Our and the above mentioned studies included patients whose prostheses have been implanted at least 1 year prior to 18F-Fluoride PET/CT imaging. According to Creutzig et al. unspecific 18F-Fluoride uptake especially around the acetabular component of total hip arthroplasty fades out about 9 months after implant surgery [8]. This is an argument in favor of using 18F-Fluoride for this indication, considering that fluorodeoxyglucose (18F-FDG), the most commonly used PET tracer, shows non-specific periprosthetic increased uptake for as long as several years, even in patients without evidence of infection or loosening [20]. However, also 18F-Fluoride may show persisting non-specific uptake at the prosthesis/bone interface of total hip and total knee arthroplasties [Son et al.], which necessitated the definition of non-specific uptake patterns of 18F-Fluoride in our study to reduce the number of false-positive results.

The emphasis in our study was put on the differentiation between loosened and not loosened prostheses, the differentiation between septic and aseptic loosening was not in the focus of our study. A quantitative evaluation has not been performed so far and serves as an limitation of the current study. However dynamic quantitative evalutation might give an insight into differentiation between septic and aseptic loosening. To address this topic, the evaluation of dynamic 18F-Fluoride PET/CT scans with emphasis on an infection-related loosening will be part of further ongoing studies.

PATIENTS AND METHODS

Patient population

The study was approved of by the local institutional review board.

We included 26 patients in our retrospective study who suffered from painful total hip or total knee arthroplasties with radiological or clinical suspicion of peri-prosthetic loosening at least one year after implantation. Patients with prior oncologic disease have been excluded from the study. In the case of multiple inlaying prostheses without pain or clinical suspicion of loosening, the additional total knee and hip arthroplasties were also included into the study since the 18F-Fluoride PET/CT also produced images of these implants. All included patients were examined via 18F-Fluoride PET/CT between September 2014 and July 2017.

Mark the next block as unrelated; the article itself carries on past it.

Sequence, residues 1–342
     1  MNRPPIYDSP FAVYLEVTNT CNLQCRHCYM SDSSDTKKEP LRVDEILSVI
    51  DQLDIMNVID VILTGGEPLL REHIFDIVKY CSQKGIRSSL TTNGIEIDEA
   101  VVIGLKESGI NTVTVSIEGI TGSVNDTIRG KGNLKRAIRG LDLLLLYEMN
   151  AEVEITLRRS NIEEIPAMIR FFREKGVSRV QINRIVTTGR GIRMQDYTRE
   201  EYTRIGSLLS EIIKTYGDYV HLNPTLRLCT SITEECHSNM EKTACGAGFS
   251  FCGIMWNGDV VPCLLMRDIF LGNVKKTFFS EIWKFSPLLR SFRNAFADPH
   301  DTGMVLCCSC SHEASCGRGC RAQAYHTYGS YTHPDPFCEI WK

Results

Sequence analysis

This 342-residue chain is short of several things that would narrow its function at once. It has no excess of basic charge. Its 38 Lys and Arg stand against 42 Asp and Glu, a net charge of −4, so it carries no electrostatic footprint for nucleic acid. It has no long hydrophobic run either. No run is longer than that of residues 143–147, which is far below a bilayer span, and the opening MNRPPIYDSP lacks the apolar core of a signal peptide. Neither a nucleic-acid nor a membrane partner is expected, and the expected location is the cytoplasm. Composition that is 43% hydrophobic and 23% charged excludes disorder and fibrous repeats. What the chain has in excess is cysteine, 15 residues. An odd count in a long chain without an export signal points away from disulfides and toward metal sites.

All patients were subject to routine clinical examination, laboratory and radiological studies. Data, such as development of pain and other clinical symptoms were gathered by chart review of medical records. No definite diagnosis had been established in any patient before the 18F-Fluoride PET/CT scan was performed. Revision operations were performed by experienced surgeons 1.4 ± 0.2 months after PET/CT scan. If no operation has been performed, the final evaluation and diagnosis was based on the long term clinical follow up of minimum 6 months (median: 11.3 months, range 6.0 – 29.7 months). In these cases the patient either refused to undergo revision surgery and showed further progression of the radiological signs of loosening or experienced spontaneous regression of symptoms. All patients were examined with informed consent. Both components of the total hip (acetabular and femoral part) and total knee arthroplasty (femoral and tibial part) were independently evaluated as true positive or true negative according to the intraoperative findings or long-term clinical follow up. 9 patients had two, and one patient had 3 inlaying prostheses.

PET scanning